Sunday 20 January 2013

No snow here but..

No snow here but plenty of rain. On this particular piece of ground at the end of this very wet year (last year, actually, I guess) any decent amount of overnight rain means we know we will wake up to some impressive puddles. My two pictures are of the pond garden; only the first is not meant to be actual pond. What we have, though, a-top our 75 m ridge between the valleys (and boggy land) of the Lough Feigh to the south and the River Lung to the north, are a good depth of lovely soil lying over clay. We are not convinced that the clay allows much downward drainage but we know that the soil layer allows good sideways drainage down the slopes either way so that when it stops raining, our puddles are generally gone by 12 hours later, certainly within 24 hours

The problem has been that in the very unusual year of 2012 (all the locals say "We've never known anything like it!") the puddles have barely drained away and the water table is still fairly high, before the next rains come and re-fill the puddles. Even in the summer, and the month of August when we had the Silverwoods up to stay for a week it did not really ever dry out to depth. They were able to camp and there was plenty of dry ground to play badminton on the front lawn etc, but nobody was kicking up any dust.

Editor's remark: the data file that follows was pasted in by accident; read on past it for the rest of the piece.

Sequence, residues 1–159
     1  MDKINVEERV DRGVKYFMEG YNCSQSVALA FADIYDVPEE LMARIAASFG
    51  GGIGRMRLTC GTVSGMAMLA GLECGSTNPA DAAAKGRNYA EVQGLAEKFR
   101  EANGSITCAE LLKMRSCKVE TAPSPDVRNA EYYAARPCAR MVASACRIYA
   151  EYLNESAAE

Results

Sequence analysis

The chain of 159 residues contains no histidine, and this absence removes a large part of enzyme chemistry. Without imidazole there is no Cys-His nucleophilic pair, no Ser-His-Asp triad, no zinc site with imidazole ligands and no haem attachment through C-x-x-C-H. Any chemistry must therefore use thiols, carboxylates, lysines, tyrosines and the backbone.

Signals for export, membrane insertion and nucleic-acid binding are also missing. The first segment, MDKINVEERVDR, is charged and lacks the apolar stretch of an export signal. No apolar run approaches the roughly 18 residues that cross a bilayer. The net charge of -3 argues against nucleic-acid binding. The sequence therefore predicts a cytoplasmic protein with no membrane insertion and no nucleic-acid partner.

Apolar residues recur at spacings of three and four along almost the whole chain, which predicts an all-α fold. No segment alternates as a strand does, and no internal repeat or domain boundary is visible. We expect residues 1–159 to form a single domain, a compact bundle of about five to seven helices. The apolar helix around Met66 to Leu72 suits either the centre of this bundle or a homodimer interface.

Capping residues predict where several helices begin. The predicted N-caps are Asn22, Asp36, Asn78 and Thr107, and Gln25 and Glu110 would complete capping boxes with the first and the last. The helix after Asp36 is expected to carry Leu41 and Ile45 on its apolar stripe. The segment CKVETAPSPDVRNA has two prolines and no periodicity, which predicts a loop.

It can happen. I have seen video of the turf 'harvesting' machines down on the peat bogs in summer kicking up clouds of dust as they move about so we are hopeful that 2013 might give us some proper summer heat. In 2012 I never had to water any plants. Having taken a bit of a ribbing from some quarters for "moving to a bog" we were relieved that the wet also included the UK, where those taking the mick 'enjoyed' conditions as wet as we were. Mercifully the whole winter where we were caravan-based and building the house, was mild and dry enough that we were never prevented from working. The week we chose to do the plastering was exceptionally mild and the guys were all working in polo-shirts and short sleeves. Messing with plaster and cement is not a lot of joy when there's a frost.

As to the pond, when I get a chance to complete the digging of it, the plan is to dig down the 2 spade depths of soil to expose the clay, and then puddle and draw up a clay layer from this to form a bowl. We hope this will save us using a liner. Even if the pond does not become waterproof, if it rains in 2013 like it did this year
we should have no problem keeping it full. I will just divert the car-port run off into it via the sheep drinker. In the next few posts you will learn that we are soon getting some geese. I am hoping that these guys, puddle-ducking in the unfinished pond, might be able to help with the "puddling" of the clay.

The existing animals, of course, will always find somewhere out of the rain, even when, as sometimes happens with the cats, they are outside the house as we lock up to go shopping. The picture is of Blue on his hay bale in the chicken house, keeping an eye on any local rodent incursions.

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